Oryx Announce “Immune to Light Tour”

Posted in Whathaveyou on May 31st, 2016 by JJ Koczan

From Tijuana, Mexico, to Rochester, New York, there’s little by way of ground that the upcoming tour from Denver two-piece Oryx aren’t looking to cover. Unless you count Canada, I guess. Or the rest of Mexico. Or other places. Point is the tour is fucking extensive. It starts on June 30 and runs until damn near September as they head out in support of their recently-issued split with Languish (review/stream here), offered up through respected Arizona imprint Battleground Records. They’re calling the run the “Immune to Light Tour,” which if you haven’t yet stopped reading this and immediately clicked down to peruse the tour dates and watch their video for “The Singularity” from the split, should give you some notion as to the perspective they’re working from.

The PR wire slipped me this one on the sly, because it’s tricky like that. Dig it:

oryx tour poster

ORYX: Denver Sludge/Doom Duo Books Massive Immune To Light US Summer Tour

Denver-based duo, ORYX, will take their piledriving sludge/doom metal out to fans all over the country this Summer, having issued the itinerary for their massive Immune To Light Tour 2016. The bruising venture will see the twosome delivering their bruising tunes to at least forty-one cities between June 30th and August 21st, with the final venues and cities being locked up now.

The Immune To Light Tour 2016 will see ORYX delivering the tunes from their split with Languish, which was released via Battleground Records in April of this year. Drummer Abbey Apple and guitarist/vocalist Tommy Davis deliver a full backline’s worth of damage on their half of the split, including an uncannily brutal Corrupted cover, their all-encompassing hymns swelling with dynamic excursions through the slow-motion realms of demolition. ORYX floods the listener with a deluge of downtuned amplification, polluted quicksand, toxic garbage, and broken hopes, bringing to mind the works of Grief, Electric Wizard, Corrupted, Ufomammut, and the like.

The ORYX/LANGUISH split LP is available through Battleground Records in a run of 300 copies on 180-gram black wax including a digital download, available HERE.

ORYX’ The Immune To Light Tour 2016:
6/30/2016 Replay Lounge – Lawrence, KS
7/01/2016 PMD – Columbia, MO
7/02/2016 Springwater – Nashville, TN
7/03/2016 TBA – Memphis, TN
7/06/2016 The Jinx – Savannah, GA
7/07/2016 Space Station – Orlando, FL
7/08/2016 Kreepy Tiki – Ft. Lauderdale, FL
7/09/2016 The Atlantic – Gainesville, FL
7/10/2016 Shantytown – Jacksonville, FL
7/11/2016 Woodshop – Baton Rouge, LA
7/12/2016 Siberia – New Orleans, LA
7/13/2016 Hi-Tones – San Antonio, TX
7/14/2016 The Lost Well – Austin, TX
7/15/2016 Three Links – Dallas, TX
7/16/2016 The Sandbox – El Paso, TX
7/17/2016 Mods Bar – Tijuana, MX
7/18/2016 Merrow Bar – San Diego, CA
7/19/2016 Deth Haus – Las Vegas, NV
7/20/2016 Que Sara – Long Beach, CA
7/21/2016 Golden Bull – Oakland, CA
7/22/2016 Starlite – Sacramento, CA
7/23/2016 Double Treble – Portland, OR
7/24/2016 Highline Bar – Seattle, WA
7/25/2016 Obsidian Bar – Olympia, WA
7/26/2016 Wastelander Studios – Boise, ID
7/28/2016 Babe House – Laramie, WY
7/29/2016 Spigot – Lincoln, NE
7/30/2016 Wisco Pub – Madison, WI
8/03/2016 Shakespeare’s – Kalamazoo, MI
8/04/2016 New Dodge Lounge – Detroit, MI
8/05/2016 Skeletunes Lounge – Ft. Wayne, IN
8/06/2016 Starbar – Columbus, OH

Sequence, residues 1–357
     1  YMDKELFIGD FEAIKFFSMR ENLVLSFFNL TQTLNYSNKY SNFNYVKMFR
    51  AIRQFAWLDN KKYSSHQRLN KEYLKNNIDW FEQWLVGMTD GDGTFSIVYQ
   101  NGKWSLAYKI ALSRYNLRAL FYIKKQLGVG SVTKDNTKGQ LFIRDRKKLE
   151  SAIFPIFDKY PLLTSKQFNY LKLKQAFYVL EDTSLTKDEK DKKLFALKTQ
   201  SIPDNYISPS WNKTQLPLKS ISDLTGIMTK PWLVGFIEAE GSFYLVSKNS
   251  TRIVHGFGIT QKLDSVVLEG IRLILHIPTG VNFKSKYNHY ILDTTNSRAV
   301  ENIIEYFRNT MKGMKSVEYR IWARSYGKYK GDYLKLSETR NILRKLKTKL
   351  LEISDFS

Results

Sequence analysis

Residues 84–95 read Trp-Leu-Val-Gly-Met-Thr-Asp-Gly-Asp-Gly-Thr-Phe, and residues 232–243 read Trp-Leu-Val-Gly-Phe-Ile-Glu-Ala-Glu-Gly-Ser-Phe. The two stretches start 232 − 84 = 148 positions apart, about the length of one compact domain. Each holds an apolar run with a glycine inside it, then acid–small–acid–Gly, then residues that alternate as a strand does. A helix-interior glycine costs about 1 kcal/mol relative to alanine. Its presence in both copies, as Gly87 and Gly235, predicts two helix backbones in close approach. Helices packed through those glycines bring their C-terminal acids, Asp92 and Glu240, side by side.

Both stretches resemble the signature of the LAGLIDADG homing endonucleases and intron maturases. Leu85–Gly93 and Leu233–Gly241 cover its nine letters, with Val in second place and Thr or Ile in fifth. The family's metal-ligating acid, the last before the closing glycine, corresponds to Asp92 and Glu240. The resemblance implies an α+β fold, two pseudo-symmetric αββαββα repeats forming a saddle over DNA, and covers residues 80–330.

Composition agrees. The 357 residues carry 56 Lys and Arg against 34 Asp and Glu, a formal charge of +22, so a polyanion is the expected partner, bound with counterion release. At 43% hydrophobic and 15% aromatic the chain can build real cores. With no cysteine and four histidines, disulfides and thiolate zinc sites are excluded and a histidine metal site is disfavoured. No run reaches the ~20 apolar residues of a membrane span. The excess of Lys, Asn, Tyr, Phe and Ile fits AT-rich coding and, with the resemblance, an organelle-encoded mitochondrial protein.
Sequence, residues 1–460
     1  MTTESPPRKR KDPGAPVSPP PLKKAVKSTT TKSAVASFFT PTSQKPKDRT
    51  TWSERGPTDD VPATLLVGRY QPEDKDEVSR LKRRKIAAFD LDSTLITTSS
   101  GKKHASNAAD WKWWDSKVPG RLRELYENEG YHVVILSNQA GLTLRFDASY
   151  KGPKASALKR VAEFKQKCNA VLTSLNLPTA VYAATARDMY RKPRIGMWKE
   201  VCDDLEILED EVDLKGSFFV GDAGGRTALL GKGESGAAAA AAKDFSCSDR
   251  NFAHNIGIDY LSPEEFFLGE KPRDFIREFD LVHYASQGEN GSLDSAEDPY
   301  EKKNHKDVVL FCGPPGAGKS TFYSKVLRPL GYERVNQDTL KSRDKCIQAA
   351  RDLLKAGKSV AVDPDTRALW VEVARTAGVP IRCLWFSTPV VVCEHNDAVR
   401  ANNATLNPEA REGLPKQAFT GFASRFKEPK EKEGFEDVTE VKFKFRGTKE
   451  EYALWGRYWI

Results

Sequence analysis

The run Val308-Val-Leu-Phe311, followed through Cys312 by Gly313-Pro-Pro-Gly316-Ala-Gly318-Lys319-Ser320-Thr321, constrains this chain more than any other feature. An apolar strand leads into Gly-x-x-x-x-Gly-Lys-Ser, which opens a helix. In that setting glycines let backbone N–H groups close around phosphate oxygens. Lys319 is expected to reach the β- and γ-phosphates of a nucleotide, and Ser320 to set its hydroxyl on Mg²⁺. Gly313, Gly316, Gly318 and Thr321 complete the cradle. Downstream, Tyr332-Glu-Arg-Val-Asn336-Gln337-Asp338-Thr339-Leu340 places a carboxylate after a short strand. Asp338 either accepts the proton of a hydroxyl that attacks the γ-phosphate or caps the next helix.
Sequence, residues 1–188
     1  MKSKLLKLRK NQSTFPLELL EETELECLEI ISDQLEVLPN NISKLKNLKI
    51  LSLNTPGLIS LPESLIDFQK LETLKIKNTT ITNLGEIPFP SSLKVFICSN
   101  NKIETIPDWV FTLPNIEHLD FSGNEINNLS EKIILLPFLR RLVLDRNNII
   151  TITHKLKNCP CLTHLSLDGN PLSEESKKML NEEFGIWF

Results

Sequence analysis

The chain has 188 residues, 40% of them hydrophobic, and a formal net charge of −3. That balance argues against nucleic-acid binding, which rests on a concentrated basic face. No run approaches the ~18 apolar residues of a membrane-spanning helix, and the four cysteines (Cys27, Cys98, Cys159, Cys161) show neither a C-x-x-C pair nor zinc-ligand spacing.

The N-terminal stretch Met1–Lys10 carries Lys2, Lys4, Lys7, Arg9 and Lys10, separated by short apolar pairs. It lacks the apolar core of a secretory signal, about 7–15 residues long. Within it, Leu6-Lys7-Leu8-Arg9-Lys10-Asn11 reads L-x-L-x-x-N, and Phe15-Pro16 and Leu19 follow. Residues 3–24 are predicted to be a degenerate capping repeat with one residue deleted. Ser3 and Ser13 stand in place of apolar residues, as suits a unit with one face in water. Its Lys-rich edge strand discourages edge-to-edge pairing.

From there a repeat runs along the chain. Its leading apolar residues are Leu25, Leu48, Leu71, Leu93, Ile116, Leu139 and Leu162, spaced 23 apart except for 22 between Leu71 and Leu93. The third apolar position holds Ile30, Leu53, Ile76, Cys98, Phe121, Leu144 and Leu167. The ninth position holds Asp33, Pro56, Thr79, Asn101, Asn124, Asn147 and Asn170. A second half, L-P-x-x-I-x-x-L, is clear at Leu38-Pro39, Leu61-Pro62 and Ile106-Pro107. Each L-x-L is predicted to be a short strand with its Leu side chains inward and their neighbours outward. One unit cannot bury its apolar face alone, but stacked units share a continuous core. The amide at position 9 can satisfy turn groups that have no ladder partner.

8/08/2016 Bug Jar – Rochester, NY
8/09/2016 Alternative Gallery – Allentown, PA
8/12/2016 Shred Shed – Philadelphia, PA
8/14/2016 TBA – Winston Salem, NC
8/15/2016 TBA – Asheville, NC
8/17/2016 The Hideaway – Johnson City, TN
8/18/2016 Highlands Bar – Louisville, KY
8/19/2016 Lost Cross House – Carbondale, IL
8/21/2016 The Elbow Room – Wichita, KS


Oryx, “The Singularity” official video

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The Black Explosion Release Atomic Zod War June 24

Posted in Whathaveyou on May 31st, 2016 by JJ Koczan

Swedish trio The Black Explosion run the line somewhere between blues rock and spaced-out psychedelia, and that territory suits them pretty well from what I’ve thus far heard. Their third outing, Atomic Zod War, is set for issue on June 24 via Metalville Records, and finds them hitting the half-decade mark in their freakout-prone approach, the band having been founded in 2011 by guitarist/vocalist Chris Winter, formerly and seemingly once again of heavy rockers Dollhouse.

The PR wire brings album details:

the black explosion


In their five years of existence, universal Space Rock act THE BLACK EXPLOSION has become an institution of Scandinavian rock.

Featuring Chris Winter (guitar and vocals), Addman Lindqvist (drums), and Simon Haraldsson (bass), THE BLACK EXPLOSION’s third release entitled Atomic Zod War is scheduled for release in North America via Metalville Records June 24.

Atomic Zod War is a freakin’ free spaced out to the top album with a twist of dark infinity. The music of this piece was arranged and recorded while the band was stranded on planet earth for a short time during a universal tour. Instead of wasting time waiting for their ship to get repaired they decided to enter SGV studios. The result is an album full of very retro space rock soundscapes.

Atomic Zod War is the best matured recording of the band’s career and also again an outstanding tribute to heroes like Hawkwind and MC5.

Since its foundation by ex-Dollhouse mastermind Chris Winter in 2011, THE BLACK EXPLOSION has remained true to their dark Space Rock ideals. It’s all there: sci-fi, space, doom, stoner, acid and psychedelic, and together with their high energetic live performances it all gets complete.

Official Atomic Zod War Tracklist
1. Paralyzed